Buffett's Dictum & Your Margin of Safety

“Risk has been abolished — a concept even the TV news anchors can grasp.”

“IF YOU UNDERSTOOD a business perfectly and the future of the business, you would need very little in the way of a margin of safety,” said Warren Buffett at Berkshire Hathaway’s annual meeting in 1997.

He had first issued his famous dictum 20 years earlier. Buffett referred to it again in 2005.

“We [only] borrow money against portfolios of interest-bearing receivables whose risk characteristics we understand,” he told his shareholders…and the BRK faithful just loved it.

Understanding where you’re putting your money — knowing how it will be used and knowing the likelihood of getting it back — reduces your risk, in short. If you don’t understand an investment, then the “unknown unknowns” threaten to eat you alive.

Appears sound in theory, right? But does anyone outside of Gorat’s Steak House today even begin to care if it’s true?

“Although the dislocations, especially to short-term funding markets, have been large and in some cases unexpected,” the International Monetary Fund just reported, “the event [of the world credit crunch] hit during a period of above-average global growth.”

Moreover, added Rodrigo de Rato, the IMF’s managing director, in a Moscow press conference Tuesday, “the evolution of recent days is moving toward normalization.”

“The most important financial institutions have enough capital to withstand the shock,” de Rato explained. And amid the crisis in confidence and “state of turbulence” hitting the financial sector, “We welcome the actions of central banks to maximize liquidity,” he announced.

Trouble is, maximizing liquidity — the availability of money — is what created this mess in the first place. Failing to understand this plain fact is what led the United Kingdom, the world’s fourth largest economy, to suffer its first genuine banking run in more than a century. Here in London, all progress in finance since 1878 just got wiped out.

Yes, the City and its regulators have swapped whiskery chops and black stovepipe hats for ShockWave hair gel and pink gingham shirts. But they’re no more “sophisticated” than were their Victorian forebears. And as the IMF report proves, it’s not only London that’s failed to grasp the risks facing global finance today.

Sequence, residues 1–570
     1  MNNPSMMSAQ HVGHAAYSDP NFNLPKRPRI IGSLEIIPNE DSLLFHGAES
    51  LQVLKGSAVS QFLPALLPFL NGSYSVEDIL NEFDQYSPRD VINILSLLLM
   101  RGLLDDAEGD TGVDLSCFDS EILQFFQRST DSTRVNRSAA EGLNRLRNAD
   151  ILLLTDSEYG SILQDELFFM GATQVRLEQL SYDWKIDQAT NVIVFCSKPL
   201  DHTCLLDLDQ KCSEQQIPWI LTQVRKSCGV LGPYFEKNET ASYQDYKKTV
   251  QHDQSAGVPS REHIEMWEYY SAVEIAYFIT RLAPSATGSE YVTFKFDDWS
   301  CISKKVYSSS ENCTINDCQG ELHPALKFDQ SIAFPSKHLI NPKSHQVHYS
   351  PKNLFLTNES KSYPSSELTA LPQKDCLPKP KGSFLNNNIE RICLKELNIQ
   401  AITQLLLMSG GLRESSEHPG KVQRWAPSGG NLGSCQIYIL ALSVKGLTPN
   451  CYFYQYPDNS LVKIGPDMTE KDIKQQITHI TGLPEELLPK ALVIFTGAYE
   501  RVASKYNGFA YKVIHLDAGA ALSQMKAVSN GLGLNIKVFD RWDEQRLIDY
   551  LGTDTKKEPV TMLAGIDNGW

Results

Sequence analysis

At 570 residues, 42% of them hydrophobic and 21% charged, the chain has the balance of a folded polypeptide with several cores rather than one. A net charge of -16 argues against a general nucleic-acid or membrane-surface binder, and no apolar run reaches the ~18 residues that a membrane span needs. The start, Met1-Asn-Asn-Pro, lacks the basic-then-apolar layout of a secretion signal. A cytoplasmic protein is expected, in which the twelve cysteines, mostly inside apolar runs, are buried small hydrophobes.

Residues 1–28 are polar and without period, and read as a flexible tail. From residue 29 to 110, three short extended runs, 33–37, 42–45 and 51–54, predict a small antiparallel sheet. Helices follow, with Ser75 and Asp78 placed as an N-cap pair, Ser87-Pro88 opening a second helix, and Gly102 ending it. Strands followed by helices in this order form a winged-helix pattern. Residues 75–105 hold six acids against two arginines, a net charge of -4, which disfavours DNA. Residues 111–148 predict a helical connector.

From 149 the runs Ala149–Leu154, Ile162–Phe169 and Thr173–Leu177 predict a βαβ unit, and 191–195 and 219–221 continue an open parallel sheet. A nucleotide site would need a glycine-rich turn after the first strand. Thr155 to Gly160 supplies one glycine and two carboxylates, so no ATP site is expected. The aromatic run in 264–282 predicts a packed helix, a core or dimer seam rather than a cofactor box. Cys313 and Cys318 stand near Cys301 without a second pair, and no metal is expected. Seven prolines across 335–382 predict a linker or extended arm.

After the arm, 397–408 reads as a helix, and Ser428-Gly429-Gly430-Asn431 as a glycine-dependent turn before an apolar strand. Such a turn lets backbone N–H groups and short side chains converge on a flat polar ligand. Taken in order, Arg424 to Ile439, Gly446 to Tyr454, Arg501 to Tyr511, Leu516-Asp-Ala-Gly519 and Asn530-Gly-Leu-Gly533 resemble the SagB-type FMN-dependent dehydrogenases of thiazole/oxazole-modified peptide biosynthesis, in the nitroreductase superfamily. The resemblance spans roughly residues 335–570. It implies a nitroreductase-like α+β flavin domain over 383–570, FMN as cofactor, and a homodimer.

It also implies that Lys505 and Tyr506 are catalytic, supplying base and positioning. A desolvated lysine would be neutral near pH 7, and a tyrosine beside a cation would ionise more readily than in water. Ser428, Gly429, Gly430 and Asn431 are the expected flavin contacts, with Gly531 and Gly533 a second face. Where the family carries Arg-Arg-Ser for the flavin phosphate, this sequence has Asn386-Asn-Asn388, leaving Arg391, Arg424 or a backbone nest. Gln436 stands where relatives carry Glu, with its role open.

The run on Northern Rock came thanks to the very “liquidity” that de Rato says he’s glad to see pouring out of central banks once again. NRK was a top-five mortgage lender that gathered £24 billion in saving deposits but lent out £113 billion. It raised the difference by borrowing short-term funds in the money markets.

Did anyone inside Northern Rock understand the risks inherent in “maximizing liquidity” so aggressively? Didn’t the Bank of England or Financial Services Authority grasp the dangers this high-profile bank was storing up on its balance sheet? Evidently not — and why would it?

By the end of June, NRK’s total exposure to subprime U.S. home loans represented only 0.24% of its total assets. Hot on the heels of the Bear Stearns’ hedge fund collapse at the start of the summer, this meant NRK was deemed safe from the chaos of failing mortgage-backed bonds relying on low-income U.S. homebuyers for repayment.

Not that London’s financial leaders were alone in their error. The mass of British investors also mistook NRK’s tiny subprime exposure for evidence that it was safe. NRK was one of the five most popular shares bought by private U.K. investors in the last week of August. Since then, however, NRK’s stock has sunk by 75%.